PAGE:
Westhill students blend traditions with Thanksgiving favorites

Photo courtesy of flickr.com.

With the days getting colder and shorter, the holidays are coming right around the corner.

Thanksgiving is a traditional American holiday that many people with different traditions and cultures celebrate with their families. It is the day where many people give thanks for the stuffed turkey, the tart cranberries, and for being with family.

The American population contains people from all around the world and each individual has their own unique way for making Thanksgiving a blissful holiday. 

This holiday is for everyone to gather around with their family and friends and for sitting down to enjoy an amazing feast.

“What I think of [when I think of] Thanksgiving is family… we eat, we talk, [and] we are thankful for each other,” Jose Lopez (’23) said.

When it comes to the Thanksgiving dinner, the American tradition is to cook: a turkey, a bowl of mashed potatoes, mac ‘n’ cheese, and sweet potato casserole are among many favorites. Then, it is to be covered up with some gravy and cranberry sauce. 

Food like turkey is traditional because the Pilgrims had hunted for these birds before they sat down with the natives and enjoyed an amicable dinner.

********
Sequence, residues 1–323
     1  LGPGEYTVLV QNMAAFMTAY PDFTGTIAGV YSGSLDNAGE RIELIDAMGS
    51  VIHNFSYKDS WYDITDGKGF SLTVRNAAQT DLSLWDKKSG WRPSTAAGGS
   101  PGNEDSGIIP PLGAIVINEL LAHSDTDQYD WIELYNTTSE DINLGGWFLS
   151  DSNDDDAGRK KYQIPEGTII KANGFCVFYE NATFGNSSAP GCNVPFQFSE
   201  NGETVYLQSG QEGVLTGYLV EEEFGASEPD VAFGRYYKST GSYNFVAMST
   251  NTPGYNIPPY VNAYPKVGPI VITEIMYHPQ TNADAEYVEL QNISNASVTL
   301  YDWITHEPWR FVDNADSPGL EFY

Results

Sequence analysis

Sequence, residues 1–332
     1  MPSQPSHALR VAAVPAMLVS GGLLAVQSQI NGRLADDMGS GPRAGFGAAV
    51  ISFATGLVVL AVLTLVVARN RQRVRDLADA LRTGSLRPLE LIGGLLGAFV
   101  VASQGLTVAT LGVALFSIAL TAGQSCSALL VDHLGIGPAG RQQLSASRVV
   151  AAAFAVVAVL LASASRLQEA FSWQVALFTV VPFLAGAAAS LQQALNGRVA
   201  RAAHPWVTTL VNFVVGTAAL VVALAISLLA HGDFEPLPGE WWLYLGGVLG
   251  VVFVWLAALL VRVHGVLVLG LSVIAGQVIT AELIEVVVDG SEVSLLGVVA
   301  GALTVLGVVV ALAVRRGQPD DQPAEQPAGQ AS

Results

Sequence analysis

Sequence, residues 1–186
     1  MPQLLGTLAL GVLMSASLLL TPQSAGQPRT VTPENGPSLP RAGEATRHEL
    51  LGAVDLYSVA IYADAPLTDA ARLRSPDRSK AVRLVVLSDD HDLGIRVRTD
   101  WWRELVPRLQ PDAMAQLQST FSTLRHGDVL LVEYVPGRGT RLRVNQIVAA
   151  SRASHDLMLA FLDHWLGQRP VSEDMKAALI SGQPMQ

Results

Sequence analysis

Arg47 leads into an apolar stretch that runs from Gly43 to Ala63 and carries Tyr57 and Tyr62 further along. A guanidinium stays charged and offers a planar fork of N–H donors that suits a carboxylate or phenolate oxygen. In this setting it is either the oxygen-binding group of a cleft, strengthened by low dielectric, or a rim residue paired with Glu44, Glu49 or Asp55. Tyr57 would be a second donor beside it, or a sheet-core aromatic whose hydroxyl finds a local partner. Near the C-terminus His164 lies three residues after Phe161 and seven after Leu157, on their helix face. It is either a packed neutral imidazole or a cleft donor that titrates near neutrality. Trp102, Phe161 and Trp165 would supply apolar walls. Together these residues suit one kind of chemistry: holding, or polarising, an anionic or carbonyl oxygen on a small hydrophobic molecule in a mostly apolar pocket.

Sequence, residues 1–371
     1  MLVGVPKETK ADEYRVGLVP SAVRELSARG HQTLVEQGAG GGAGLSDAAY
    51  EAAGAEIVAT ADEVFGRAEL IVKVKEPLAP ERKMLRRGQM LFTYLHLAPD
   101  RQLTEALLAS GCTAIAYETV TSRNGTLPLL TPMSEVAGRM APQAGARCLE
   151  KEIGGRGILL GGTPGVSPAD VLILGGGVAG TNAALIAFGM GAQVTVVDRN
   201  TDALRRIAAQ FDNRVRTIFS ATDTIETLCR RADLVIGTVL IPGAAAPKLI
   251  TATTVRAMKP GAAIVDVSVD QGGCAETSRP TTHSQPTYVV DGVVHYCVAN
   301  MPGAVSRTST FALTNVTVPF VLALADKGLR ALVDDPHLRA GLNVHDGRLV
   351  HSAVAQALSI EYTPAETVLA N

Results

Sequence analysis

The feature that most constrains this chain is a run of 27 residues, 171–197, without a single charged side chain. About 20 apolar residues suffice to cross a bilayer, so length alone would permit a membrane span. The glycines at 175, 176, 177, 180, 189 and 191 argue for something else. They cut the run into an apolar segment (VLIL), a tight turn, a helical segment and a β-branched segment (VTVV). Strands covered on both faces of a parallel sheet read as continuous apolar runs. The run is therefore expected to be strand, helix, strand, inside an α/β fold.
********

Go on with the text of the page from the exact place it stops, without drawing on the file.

Now, since more people from different cultures are celebrating this fun-filled holiday, there are many new Thanksgiving options to make for dinner.

Each culture has its own special type of food that is made with different spices, ingredients, and is cooked in a specific way. 

“Some Guatemalan foods are tamales and pupusas,” Edward Portillo (’21) said. 

Portillo elaborated on how he incorporates these traditional foods into his Thanksgiving feast and how he celebrates with his family. 

“We party because it is Thanksgiving,” Portillo continued. 

Many Guatemalan foods mainly consist of corn, peppers, rice, beans, meat, cheese, and tortillas. These ingredients can easily be distributed in a casserole for Thanksgiving.

“My dad always buys a turkey or a chicken or a duck…and my mom always cooks curry because I am Asian,” Surovi Das (’22) said. 

Surovi is from Bangladesh. 

In most Southern Asian countries, chicken and curry are essential to many desi cuisines. Instead of a roasted turkey, a tandoori chicken can keep a family happy.

Besides the delicious feast, Thanksgiving is meant to bring the closeness of every family. Whether you have lo mein from the nearest Chinese restaurant or a large pizza with two toppings from Dominos, your family will be thankful just for your company.

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